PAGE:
The gig economy is no longer just for Uber drivers or freelance writers. It has now reached the role of CIO, as well, in the form of gig CIOs, fractional CIOs, contract CIOs, or virtual CIOs (vCIOs).
What Is a Virtual CIO (vCIO)?
A vCIO is an experienced IT executive who is hired from the outside to stand in as the client company’s chief information officer. The vCIO generally performs the same functions as a typical CIO. The only differences are the terms of their work contract.
What Does a vCIO Do?
Virtual CIOs serve a variety of functions within an organization. They can be hired as an interim CIO until the company hires a new one. They may also consult on a particular situation where expertise is only needed for a particular period of time or initiative.
A vCIO often operates on a high level of the business to consult on important decisions and ensure alignment between IT and business goals. Such activities include working with the client’s IT team to develop strategic IT goals, determine IT budget, introduce new technology-related changes, and advise on technology, infrastructure, and more.
Some vCIOs offer their services through a managed service provider (MSP) to take care of technical aspects of a company’s IT operations. A summary of a vCIO’s main responsibilities include:
- Advise on IT compliance, trends, and best practices
- Build a technology roadmap
- Meet regularly with management
- Propose tech solutions to achieve company goals
Does Your Company Need a vCIO?
The short answer is maybe. It depends on your company’s size, needs, and overall strategy. For instance, enterprises sometimes hire vCIOs to supplement existing in-house IT personnel in strategic planning and decision making.
Small and midsize businesses, however, potentially reap tremendous value from an experienced IT executive giving strategic guidance without drawing a full-time executive’s salary. Objectively speaking, hiring a vCIO has both advantages and disadvantages.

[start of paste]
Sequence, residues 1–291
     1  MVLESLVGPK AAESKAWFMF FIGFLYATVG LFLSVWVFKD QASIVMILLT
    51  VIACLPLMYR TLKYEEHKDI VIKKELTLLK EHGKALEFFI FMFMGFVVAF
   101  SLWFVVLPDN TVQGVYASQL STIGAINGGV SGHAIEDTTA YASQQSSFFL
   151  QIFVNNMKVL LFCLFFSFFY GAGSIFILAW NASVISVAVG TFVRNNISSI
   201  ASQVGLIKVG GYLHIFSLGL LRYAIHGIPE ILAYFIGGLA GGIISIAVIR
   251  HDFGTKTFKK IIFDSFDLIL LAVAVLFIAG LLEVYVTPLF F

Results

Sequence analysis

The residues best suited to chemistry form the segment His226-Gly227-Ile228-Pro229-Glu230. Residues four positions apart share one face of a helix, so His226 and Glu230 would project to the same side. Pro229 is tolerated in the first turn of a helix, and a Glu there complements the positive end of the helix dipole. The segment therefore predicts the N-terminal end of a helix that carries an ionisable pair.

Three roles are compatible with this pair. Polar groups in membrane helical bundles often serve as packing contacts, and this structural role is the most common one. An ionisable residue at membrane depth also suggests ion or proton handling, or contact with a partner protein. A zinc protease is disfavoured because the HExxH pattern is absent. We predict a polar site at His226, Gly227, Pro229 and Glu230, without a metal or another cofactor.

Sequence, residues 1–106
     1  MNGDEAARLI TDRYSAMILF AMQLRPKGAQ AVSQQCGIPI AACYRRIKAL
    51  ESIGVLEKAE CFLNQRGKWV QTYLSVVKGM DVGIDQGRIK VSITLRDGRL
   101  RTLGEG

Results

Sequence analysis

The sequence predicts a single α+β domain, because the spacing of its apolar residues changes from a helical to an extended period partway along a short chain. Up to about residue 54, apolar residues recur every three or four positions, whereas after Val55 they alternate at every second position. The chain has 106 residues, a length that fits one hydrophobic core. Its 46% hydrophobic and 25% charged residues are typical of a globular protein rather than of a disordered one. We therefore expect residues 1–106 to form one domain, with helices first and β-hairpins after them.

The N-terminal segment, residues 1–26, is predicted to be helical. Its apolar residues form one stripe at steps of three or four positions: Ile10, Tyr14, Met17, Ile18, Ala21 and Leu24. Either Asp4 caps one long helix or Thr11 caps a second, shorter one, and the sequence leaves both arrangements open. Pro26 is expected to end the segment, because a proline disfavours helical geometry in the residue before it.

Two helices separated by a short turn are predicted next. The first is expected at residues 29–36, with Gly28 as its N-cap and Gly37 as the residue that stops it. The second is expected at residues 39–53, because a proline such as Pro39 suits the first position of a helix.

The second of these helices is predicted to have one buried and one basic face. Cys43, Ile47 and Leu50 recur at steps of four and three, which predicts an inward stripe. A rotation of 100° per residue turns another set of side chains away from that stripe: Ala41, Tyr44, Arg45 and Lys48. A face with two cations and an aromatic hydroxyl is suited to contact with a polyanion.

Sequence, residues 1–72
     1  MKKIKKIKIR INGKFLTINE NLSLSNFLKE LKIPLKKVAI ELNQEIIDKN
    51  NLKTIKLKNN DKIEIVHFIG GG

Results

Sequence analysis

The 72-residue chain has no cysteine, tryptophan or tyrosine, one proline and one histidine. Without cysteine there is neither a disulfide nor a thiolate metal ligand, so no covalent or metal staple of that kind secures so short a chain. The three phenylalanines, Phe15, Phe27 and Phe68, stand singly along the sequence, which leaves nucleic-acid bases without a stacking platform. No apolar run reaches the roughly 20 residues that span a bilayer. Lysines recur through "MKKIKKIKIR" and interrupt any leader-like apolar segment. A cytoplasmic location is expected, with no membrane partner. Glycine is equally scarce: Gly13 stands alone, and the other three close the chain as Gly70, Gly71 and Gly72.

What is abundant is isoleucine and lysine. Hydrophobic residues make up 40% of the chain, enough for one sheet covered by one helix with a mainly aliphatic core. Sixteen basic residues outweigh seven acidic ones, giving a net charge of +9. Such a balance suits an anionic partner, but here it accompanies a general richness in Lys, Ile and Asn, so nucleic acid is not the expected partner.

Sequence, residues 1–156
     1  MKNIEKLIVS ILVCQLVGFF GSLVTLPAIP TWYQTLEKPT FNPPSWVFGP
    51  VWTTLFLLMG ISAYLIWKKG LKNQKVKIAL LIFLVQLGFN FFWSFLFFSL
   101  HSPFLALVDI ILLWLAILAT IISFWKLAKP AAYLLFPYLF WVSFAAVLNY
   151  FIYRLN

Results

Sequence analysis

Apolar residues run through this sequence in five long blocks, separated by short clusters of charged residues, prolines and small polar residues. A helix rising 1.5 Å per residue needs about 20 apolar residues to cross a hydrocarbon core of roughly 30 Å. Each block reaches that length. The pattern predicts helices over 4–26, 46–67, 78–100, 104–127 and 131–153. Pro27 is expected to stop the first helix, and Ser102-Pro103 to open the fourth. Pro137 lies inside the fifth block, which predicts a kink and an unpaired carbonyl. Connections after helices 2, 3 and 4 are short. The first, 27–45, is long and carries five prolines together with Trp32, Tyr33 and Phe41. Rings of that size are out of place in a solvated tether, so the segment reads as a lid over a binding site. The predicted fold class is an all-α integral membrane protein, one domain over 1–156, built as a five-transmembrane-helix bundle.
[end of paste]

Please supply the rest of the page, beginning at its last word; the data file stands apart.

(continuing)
Benefits of Having a Virtual CIO
The benefits of hiring a vCIO include:
- Maintaining control of your company’s IT infrastructure
- Bringing in new perspectives and driving innovation
- Saving the cost of a comprehensive benefits package
- Bypassing the processes of long-term hiring and onboarding saves time
- Quickly realizing ROI from low-cost expertise
- Making expertise more financially accessible to SMB budgets
- Making decisions more objectively
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Drawbacks of Having a Virtual CIO
Your Company May Be Just a Number
Virtual CIOs sometimes have more than one client, meaning your company may not be that person’s sole focus. That could be a problem if your company is dealing with a complex IT issue that needs dedicated support and direction.
Lack of Knowledge About Your Unique Company
While a temporary CIO can bring fresh perspectives to your workplace, a virtual CIO may not be familiar with your company’s history, internal politics, and other unique intricacies. Lack of knowledge about your company’s institutional history could get in the way of the vCIO performing their job most effectively.
Grooming and upskilling a current employee from within your company’s IT ranks, who already knows the company well, may be a more suitable alternative.
Temporary Fix With Long-Term Ramifications
Given that vCIOs are hired to temporarily influence IT operations at a high level, the combination of temporariness and high-level impact makes hiring a vCIO a potentially risky undertaking. Their work could have consequences on the organization long after their contract expires. Depending on the current health of your company’s IT operations and the particular challenges it faces, it may not be wise to opt for the temporary fix of hiring a vCIO.
The Future of the vCIO
The role of virtual CIO empowers experienced IT professionals to become entrepreneurial consultants, taking on whichever jobs they want to. On the surface, then, it would appear that the role of vCIO is more lucrative, but that’s actually not the case.
Across job recruiting websites, the average annual salary for an in-house CIO consistently exceeds that of a vCIO. The average annual salary for a virtual CIO in the US is around $185,000, with San Mateo, CA, Richmond, CA, and Stamford, CT being the top-paying cities for this role. On the other hand, the average annual salary for an in-house CIO in the US is closer to $207,000.
So why would a CIO want to become a vCIO? For more variety, flexibility, and autonomy in how many contracts they can or want to handle at once.
As the Great Resignation continues to unfold and the IT job market undergoes a hiring crunch, the trend of vCIOs will be one to watch. How will experienced CIOs respond to businesses’ growing need for high-level expertise in an ever-evolving tech landscape? Will they increasingly move to contract work as vCIOs, or will they value full-time work at a single company?